Gulf Stream Slowdown May Bring Later Cold
The Gulf Stream is weakening, and Europe could expect a prolonged cold spell as the world warms – but not the day after tomorrow.
As the Gulf Stream weakens in a rapidly warming world, north-western Europe could paradoxically become cooler. There is, however, a time lag between those two climate change-related events, and US scientists now think they know how long that could be.
It could be as much as 400 years.
They know this because the world has warmed and cooled before, and as the difference between tropics and Arctic narrows, there is a change in the so-called Atlantic conveyor, an important part of the climate machine.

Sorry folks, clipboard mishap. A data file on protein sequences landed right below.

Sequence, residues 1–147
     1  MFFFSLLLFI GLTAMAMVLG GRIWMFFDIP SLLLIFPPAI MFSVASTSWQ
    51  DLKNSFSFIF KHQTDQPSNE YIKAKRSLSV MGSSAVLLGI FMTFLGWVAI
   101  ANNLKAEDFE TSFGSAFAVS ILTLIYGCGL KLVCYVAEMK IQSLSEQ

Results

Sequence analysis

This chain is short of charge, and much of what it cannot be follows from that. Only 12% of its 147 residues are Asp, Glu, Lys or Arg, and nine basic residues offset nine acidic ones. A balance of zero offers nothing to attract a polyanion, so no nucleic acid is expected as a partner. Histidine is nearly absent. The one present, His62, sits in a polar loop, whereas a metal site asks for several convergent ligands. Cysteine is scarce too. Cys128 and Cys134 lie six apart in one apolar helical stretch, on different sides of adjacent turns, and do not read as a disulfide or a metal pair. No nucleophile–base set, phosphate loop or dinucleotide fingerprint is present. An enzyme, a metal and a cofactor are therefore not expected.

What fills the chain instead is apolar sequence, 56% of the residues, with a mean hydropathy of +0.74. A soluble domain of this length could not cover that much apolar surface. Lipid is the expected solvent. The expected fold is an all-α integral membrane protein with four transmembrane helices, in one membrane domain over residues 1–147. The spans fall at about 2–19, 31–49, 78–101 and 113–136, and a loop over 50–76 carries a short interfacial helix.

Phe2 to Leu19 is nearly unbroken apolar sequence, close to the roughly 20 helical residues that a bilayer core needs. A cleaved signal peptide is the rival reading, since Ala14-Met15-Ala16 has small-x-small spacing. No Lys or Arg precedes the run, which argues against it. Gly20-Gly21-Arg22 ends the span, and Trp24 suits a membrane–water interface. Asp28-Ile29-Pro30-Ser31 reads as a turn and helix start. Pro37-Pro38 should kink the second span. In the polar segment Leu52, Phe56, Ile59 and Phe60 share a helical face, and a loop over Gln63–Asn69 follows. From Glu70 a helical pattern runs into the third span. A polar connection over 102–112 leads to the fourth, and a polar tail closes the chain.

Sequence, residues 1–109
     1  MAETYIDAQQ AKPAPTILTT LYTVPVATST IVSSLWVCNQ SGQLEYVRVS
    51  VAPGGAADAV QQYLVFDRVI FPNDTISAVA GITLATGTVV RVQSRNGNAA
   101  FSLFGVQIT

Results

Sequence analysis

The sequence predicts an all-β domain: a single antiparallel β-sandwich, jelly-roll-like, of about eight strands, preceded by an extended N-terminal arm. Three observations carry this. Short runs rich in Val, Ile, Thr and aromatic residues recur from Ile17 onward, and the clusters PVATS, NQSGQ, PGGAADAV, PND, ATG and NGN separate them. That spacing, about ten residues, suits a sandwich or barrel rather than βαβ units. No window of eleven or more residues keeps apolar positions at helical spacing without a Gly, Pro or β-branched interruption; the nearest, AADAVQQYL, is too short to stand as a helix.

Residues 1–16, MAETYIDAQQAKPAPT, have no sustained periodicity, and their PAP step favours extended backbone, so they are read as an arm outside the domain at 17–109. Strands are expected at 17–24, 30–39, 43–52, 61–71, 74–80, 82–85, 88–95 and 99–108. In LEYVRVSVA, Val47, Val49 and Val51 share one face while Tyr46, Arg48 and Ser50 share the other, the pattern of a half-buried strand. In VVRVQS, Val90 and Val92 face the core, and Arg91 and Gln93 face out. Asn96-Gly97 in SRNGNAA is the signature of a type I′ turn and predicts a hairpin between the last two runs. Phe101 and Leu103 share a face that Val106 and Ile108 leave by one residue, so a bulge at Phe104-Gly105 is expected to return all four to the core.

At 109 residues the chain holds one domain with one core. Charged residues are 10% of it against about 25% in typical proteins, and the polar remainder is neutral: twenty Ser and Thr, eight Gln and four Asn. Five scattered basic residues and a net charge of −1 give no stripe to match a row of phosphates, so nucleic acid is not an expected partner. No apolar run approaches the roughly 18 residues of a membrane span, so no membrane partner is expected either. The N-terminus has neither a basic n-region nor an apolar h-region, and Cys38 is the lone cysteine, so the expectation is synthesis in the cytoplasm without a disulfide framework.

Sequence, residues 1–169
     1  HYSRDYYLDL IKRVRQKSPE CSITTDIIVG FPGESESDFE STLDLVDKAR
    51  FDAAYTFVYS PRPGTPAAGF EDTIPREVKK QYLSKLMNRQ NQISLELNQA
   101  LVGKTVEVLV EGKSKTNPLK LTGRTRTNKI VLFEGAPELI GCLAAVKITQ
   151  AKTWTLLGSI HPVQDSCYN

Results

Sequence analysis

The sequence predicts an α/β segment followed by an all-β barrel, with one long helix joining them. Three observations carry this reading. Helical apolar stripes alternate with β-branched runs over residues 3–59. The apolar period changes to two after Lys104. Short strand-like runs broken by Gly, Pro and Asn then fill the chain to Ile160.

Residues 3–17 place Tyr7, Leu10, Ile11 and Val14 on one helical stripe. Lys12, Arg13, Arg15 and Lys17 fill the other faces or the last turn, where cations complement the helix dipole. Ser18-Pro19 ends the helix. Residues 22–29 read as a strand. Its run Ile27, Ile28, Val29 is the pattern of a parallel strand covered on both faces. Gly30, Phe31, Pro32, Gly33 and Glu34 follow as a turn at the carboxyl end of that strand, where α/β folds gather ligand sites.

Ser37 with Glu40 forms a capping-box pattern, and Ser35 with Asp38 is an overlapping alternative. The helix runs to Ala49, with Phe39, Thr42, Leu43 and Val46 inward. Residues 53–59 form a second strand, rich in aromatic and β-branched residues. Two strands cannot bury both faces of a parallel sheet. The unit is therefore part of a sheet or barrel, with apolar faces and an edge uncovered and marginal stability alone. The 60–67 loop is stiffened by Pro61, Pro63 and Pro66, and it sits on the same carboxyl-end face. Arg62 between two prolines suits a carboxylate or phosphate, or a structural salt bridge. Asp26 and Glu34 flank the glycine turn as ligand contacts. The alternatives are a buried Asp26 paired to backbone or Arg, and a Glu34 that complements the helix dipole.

This vast Atlantic current carries a steady flow of warm water to the far north, making north-western Europe up to 5°C warmer than its latitude would otherwise dictate. Then, as it meets colder, denser Arctic waters, it dives, to carry its burden of surface carbon to the depths, and then flows southwards again.
This phenomenon, known as the Atlantic Meridional Overturning Circulation, or AMOC, is in effect Europe’s bespoke heating system: Britain’s chief scientific adviser once calculated that it delivers to the UK alone the warmth of 27,000 power stations.
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